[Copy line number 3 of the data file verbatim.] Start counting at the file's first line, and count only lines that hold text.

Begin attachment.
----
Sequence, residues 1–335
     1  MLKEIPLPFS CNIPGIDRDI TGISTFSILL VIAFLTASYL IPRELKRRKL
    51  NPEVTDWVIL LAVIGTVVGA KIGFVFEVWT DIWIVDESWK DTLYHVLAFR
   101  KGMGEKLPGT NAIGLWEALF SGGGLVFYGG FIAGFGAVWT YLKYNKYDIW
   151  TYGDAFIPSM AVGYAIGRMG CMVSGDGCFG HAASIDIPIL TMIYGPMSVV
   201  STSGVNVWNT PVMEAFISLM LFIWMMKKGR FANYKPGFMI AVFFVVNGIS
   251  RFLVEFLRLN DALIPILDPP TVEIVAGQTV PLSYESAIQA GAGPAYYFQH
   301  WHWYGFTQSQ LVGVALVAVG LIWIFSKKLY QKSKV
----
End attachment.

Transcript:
    51  NPEVTDWVIL LAVIGTVVGA KIGFVFEVWT DIWIVDESWK DTLYHVLAFR